Home Introduction Persons Geogr. Sources Events Mijn blog(Nederlands)
Religion Subjects Images Queries Links Contact Do not fly Iberia
This is a non-commercial site. Any revenues from Google ads are used to improve the site.

Custom Search
Quote of the day: That it mattered not as to the disgrace
Notes
Display Latin text
The Aeneid by Virgil
translated by Theodore C. Williams
Book V Chapter 27: Nautes advises Aeneas
Next chapter
Return to index
Previous chapter
But smitten sore
by this mischance, Aeneas doubtfully
weighs in his heart its mighty load of cares,
and ponders if indeed he may abide
in Sicily, not heeding Italian prophet-songs,
or seek Italian shores. Thereon uprose
Nautes, an aged sire, to whom alone
Tritonian Pallas of her wisdom gave
and made his skill renowned; he had the power
to show celestial anger's warning signs,
or tell Fate's fixed decree. The gifted man
thus to Aeneas comfortably spoke:
O goddess-born, we follow here or there,
as Fate compels or stays. But come what may,
he triumphs over Fortune, who can bear
whate'er she brings. Behold, Acestes draws
from Dardanus his origin divine!
Make him thy willing friend, to share with thee
thy purpose and thy counsel. Leave with him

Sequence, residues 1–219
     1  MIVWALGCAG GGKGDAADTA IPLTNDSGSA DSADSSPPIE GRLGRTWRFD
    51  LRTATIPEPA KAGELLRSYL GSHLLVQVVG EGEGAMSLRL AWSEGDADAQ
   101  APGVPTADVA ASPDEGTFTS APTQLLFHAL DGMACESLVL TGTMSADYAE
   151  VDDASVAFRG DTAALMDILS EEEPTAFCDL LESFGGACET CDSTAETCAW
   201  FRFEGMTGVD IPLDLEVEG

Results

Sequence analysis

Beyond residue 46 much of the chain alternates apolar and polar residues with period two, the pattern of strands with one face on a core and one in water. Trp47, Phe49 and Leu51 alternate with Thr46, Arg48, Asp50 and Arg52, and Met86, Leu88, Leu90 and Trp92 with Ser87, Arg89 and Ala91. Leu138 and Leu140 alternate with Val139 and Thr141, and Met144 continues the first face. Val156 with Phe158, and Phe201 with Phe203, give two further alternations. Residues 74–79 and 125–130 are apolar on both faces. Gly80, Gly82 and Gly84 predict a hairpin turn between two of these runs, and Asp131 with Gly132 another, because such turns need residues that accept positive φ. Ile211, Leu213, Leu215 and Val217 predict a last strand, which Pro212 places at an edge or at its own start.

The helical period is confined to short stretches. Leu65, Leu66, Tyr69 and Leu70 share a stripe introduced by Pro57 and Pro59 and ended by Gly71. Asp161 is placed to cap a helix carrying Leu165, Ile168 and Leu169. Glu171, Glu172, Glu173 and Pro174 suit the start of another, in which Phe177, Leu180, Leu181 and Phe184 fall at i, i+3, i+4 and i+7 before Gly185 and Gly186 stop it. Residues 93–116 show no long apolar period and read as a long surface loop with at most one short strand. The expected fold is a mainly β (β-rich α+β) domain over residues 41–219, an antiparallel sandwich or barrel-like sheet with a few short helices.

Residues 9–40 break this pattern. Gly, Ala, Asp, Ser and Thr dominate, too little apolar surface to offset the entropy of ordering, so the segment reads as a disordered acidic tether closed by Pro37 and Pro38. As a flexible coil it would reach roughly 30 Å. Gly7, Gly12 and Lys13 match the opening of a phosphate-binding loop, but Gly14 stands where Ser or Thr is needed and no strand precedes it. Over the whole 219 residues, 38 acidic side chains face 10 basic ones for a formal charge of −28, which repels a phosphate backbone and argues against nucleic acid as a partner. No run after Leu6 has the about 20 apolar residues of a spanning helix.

the crews of the lost ships, and all whose hearts
repine at thy high task and great emprise:
the spent old men, the women ocean-weary,
whate'er is feeble found, or faint of heart
in danger's hour, -- set that apart, and give
such weary ones within this friendly isle
a city called Acesta, -- if he will.

Events: Aeneas on Sicily, Fire to Aeneas' fleet

700-718
At pater Aeneas casu concussus acerbo
nunc huc ingentis, nunc illuc pectore curas
mutabat uersans, Siculisne resideret aruis
oblitus fatorum, Italasne capesseret oras.
tum senior Nautes, unum Tritonia Pallas
quem docuit multaque insignem reddidit arteó
haec responsa dabat, uel quae portenderet ira
magna deum uel quae fatorum posceret ordo;
isque his Aenean solatus uocibus infit:
'nate dea, quo fata trahunt retrahuntque sequamur;
quidquid erit, superanda omnis fortuna ferendo est.
est tibi Dardanius diuinae stirpis Acestes:
hunc cape consiliis socium et coniunge uolentem,
huic trade amissis superant qui nauibus et quos
pertaesum magni incepti rerumque tuarum est.
longaeuosque senes ac fessas aequore matres
et quidquid tecum inualidum metuensque pericli est
delige, et his habeant terris sine moenia fessi;
urbem appellabunt permisso nomine Acestam.'